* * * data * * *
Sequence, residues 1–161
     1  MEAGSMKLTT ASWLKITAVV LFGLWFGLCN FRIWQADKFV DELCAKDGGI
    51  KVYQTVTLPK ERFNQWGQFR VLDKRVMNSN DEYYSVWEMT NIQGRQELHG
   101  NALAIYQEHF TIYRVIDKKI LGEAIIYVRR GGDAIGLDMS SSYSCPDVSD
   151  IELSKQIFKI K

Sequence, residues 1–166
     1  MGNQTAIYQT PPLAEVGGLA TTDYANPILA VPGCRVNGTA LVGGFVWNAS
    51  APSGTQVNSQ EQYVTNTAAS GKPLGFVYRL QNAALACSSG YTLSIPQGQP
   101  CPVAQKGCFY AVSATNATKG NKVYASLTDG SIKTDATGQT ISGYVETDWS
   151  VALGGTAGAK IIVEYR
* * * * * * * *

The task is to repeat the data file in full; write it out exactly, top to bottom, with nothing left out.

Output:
Sequence, residues 1–161
     1  MEAGSMKLTT ASWLKITAVV LFGLWFGLCN FRIWQADKFV DELCAKDGGI
    51  KVYQTVTLPK ERFNQWGQFR VLDKRVMNSN DEYYSVWEMT NIQGRQELHG
   101  NALAIYQEHF TIYRVIDKKI LGEAIIYVRR GGDAIGLDMS SSYSCPDVSD
   151  IELSKQIFKI K

Sequence, residues 1–166
     1  MGNQTAIYQT PPLAEVGGLA TTDYANPILA VPGCRVNGTA LVGGFVWNAS
    51  APSGTQVNSQ EQYVTNTAAS GKPLGFVYRL QNAALACSSG YTLSIPQGQP
   101  CPVAQKGCFY AVSATNATKG NKVYASLTDG SIKTDATGQT ISGYVETDWS
   151  VALGGTAGAK IIVEYR